10.7 ml) in tetrahydrofuran was added dropwise to a solution of
tibolone (1) (1 g, 3.2 mmol) in anhydrous tetrahydrofuran (10 ml)
kept under N2 , at 70 ° C. After 2 h the reaction mixture was poured
into 10% aqueous acetic acid (30 ml) and disodium ethylenediaminetetraacetate (0.2 g) was added. The mixture was extracted
with chloroform (5 ð 25 ml). The collected organic phases were dried
over sodium sulfate; evaporation of the solvents afforded a crude
product: by trituration with three portions of methylene chloride
(5 ml) and crystallization from acetone–hexane pure 3˛-diol 3 (0.7 g,
70%) was recovered. Endothermic peak fusion (DSC) at 187 ° C; [˛]25
D
C
°
C67.1° ; [˛]25
546 C79.9 ; EI-MS: m/z 314 (M , 43%), 296 (100%), 288
(100%); GC, retention time tR D 12.75 min; TLC [CHCl3 –AcOEt
(7 : 3)], Rf D 0.49.

17˛-Ethynyl-7˛-methyl -5(10)-estren-3ˇ,17ˇ-diol (4)
A solution of 3˛-diol 3 (0.44 g, 1.4 mmol) and triphenylphosphine (0.474 g, 1.81 mmol) in anhydrous diethyl ether (8 ml) was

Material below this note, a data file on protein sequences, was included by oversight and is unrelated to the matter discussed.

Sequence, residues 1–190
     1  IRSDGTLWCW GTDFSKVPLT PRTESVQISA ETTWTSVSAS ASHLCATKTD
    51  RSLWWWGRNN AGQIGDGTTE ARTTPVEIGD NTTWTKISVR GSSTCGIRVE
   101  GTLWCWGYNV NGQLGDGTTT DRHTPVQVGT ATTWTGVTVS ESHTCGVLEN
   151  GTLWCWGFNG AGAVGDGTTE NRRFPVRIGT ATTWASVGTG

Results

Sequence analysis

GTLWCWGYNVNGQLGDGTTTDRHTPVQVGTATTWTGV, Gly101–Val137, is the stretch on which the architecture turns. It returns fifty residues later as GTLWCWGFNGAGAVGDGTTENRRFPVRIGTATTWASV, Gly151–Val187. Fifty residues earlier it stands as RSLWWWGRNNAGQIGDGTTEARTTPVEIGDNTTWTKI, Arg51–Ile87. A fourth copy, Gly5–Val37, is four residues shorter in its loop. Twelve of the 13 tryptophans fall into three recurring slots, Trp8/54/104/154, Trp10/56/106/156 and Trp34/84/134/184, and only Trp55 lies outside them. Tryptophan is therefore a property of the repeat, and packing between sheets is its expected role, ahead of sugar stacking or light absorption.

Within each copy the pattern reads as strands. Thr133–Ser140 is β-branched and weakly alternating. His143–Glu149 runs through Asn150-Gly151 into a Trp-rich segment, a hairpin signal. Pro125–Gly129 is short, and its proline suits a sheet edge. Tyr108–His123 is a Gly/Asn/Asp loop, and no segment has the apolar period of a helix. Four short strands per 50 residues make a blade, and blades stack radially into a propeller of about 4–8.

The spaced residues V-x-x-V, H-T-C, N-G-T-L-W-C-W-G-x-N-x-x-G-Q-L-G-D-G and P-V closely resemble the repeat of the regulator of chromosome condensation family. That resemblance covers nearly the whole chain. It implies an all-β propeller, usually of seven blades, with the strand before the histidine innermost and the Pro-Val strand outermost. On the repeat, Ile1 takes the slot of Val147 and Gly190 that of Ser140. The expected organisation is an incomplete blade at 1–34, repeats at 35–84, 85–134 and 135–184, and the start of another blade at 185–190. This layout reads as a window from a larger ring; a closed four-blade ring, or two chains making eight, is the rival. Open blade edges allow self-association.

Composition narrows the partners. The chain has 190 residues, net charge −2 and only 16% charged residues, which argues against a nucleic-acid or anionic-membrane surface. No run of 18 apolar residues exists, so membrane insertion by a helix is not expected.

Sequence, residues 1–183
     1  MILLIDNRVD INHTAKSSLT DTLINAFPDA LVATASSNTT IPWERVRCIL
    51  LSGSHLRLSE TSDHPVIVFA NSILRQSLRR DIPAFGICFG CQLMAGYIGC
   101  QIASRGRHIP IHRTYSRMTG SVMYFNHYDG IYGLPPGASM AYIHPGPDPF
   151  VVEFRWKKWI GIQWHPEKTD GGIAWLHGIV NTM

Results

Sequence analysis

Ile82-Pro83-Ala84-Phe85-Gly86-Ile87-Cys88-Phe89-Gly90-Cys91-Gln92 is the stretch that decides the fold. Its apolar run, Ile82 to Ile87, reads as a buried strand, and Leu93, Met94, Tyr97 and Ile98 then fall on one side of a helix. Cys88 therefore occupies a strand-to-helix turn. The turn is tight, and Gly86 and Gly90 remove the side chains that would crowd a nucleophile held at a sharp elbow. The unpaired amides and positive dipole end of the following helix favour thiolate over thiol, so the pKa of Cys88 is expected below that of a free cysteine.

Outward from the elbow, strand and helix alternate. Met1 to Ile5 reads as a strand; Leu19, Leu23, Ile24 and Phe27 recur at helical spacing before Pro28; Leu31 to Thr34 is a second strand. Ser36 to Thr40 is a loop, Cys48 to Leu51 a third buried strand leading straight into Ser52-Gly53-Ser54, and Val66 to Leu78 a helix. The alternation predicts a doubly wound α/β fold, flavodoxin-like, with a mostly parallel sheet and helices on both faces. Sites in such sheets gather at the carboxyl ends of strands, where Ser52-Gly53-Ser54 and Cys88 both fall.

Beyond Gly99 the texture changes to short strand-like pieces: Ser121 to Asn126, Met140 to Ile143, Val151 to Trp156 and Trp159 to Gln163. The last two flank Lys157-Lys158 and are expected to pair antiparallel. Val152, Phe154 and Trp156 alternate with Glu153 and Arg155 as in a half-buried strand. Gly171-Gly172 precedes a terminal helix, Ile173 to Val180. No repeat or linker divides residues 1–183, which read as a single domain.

added dropwise to a solution of diisopropyl azodicarboxylate (0.37 g, 1.81 mmol) and benzoic acid (0.222 g, 1.81 mmol) in
diethyl ether (0.8 ml). The reaction mixture was kept at room temperature with stirring overnight. The solvent was removed under
reduced pressure and the crude product was purified by column
chromatography (silica gel, 1 : 10); elution with hexane–ethyl acetate
(9 : 1) afforded the benzoate (0.38 g, 65%). The ester was treated with
sodium carbonate (0.42 g) in methanol–water (9 : 1) (13 ml) at 50 ° C
for 4 h. The reaction mixture was poured into cool water (20 ml) and
the precipitated crude product was recovered by suction. Column

Copyright  2002 John Wiley & Sons, Ltd.

chromatography [silica gel, 1 : 10; hexane–ethyl acetate (7 : 3) as eluant] and crystallization (2-propanol–water) afforded pure 3ˇ-diol 4
°
(0.15 g, 53%). Endothermic peak fusion (DSC) at 142 ° C; [˛]25
D C15.7 ;
° ; EI-MS: m/z 314 (MC , 65%), 296 (67%), 288 (100%); GC,
[˛]25
C18.5